Did I magically learn how to swim like a fish before my vacation? In January 2018, needless to say, I shamelessly went to BVI with kiddie arm floats. I realized I would need a lot more time than 4 months, and I was determined to learn even after my vacation. With this in mind, I had to put the health and maintenance of my hair in consideration. A year had passed, I'd stopped straightening my hair, and started embracing my natural curls. I wasn't using my hair as an excuse in the learning process, and I didn't have to tailor my lessons around when my hair was "done". No longer was I gonna be a slave to my hair. I was ready to fully commit by eliminating the anxiety of "not messing up my hair".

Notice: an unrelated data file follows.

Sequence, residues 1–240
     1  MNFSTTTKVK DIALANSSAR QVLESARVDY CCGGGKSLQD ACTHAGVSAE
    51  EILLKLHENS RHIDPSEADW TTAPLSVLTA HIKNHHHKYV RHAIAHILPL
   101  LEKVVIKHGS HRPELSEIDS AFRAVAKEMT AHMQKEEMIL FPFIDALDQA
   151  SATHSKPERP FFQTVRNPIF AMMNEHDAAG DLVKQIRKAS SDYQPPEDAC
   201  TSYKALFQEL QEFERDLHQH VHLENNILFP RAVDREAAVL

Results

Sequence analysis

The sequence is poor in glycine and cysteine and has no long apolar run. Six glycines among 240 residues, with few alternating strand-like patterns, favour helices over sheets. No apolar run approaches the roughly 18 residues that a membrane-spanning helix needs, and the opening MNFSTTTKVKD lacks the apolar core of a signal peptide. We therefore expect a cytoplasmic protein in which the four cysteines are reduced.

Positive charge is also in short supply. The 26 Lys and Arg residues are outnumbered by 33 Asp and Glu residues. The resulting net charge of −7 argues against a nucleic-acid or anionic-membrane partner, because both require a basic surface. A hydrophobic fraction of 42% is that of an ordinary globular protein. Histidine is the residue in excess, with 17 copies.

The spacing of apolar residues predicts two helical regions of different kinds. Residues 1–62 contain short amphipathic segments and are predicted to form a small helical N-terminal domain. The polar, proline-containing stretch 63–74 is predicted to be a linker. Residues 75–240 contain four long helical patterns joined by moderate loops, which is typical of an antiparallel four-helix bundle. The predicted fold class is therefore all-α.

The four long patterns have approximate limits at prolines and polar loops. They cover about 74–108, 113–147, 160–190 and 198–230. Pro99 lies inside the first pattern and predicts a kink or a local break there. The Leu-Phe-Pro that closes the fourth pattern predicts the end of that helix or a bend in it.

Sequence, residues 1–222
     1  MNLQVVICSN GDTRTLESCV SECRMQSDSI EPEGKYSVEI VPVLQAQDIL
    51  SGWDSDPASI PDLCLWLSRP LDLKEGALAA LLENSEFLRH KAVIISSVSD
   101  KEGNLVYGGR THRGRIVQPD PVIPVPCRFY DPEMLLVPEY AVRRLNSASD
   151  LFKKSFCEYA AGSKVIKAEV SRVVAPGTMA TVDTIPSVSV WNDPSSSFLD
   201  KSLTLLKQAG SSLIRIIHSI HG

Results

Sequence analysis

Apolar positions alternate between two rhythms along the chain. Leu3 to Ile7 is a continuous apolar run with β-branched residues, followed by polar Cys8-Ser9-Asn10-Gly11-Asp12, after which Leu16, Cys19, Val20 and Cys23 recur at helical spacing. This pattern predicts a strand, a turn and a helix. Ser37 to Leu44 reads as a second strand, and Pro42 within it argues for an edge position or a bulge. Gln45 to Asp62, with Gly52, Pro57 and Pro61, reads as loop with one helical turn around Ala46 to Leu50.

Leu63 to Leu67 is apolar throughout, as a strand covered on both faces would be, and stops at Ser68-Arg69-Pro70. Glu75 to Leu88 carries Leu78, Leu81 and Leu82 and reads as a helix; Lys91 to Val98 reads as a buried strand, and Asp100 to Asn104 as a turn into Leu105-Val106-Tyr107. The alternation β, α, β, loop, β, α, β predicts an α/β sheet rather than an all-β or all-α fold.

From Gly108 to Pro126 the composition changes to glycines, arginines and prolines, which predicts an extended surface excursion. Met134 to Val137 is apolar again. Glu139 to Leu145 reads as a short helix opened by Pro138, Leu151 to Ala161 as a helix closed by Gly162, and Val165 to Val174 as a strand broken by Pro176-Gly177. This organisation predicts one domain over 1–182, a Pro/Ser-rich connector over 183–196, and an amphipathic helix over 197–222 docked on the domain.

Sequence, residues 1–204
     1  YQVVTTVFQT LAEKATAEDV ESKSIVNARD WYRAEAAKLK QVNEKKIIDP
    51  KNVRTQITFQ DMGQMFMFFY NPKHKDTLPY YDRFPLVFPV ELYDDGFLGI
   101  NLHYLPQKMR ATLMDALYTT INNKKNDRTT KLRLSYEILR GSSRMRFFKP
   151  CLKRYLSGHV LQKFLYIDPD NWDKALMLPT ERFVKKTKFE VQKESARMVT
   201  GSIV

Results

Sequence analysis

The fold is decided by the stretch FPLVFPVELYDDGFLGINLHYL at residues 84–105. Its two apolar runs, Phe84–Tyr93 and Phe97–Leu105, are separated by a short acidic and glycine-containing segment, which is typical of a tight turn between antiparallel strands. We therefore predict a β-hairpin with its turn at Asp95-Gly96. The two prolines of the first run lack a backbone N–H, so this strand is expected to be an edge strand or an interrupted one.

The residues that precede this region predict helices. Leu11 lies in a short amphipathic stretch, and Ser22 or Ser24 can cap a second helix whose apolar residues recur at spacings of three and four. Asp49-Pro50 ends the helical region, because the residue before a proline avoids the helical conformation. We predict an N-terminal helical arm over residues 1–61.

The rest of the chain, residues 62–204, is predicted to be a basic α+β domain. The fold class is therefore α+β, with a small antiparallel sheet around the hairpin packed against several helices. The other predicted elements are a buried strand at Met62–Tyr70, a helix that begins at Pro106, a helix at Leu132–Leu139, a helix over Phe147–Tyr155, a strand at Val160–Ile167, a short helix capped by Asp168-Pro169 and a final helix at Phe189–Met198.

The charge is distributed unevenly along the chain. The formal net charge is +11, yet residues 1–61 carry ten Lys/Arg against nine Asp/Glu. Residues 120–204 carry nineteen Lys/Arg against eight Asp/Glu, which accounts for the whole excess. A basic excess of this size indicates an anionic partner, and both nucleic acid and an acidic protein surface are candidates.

Everyday I encounter women whose only concern is "how do I keep my hair like this?" Worries of ruining it from working out or even the rain, so obviously going for a swim is out of the question. On this journey of embracing my true curls, I'm no longer burdened with how to keep from getting my hair wet.
MYTH: Swim Caps Keep Your Hair Dry
Fact: False. The purpose of a swim cap is to keep your hair out your face.
My new concern - how to keep my swim cap on! Hence, the braided styles you often see me wear. They fit perfectly under my swim cap and I'm able to rinse and co-wash before heading to work without much effort. The pool can be brutal to all hair types, so every weekend I apply conditioning treatments before re-braiding.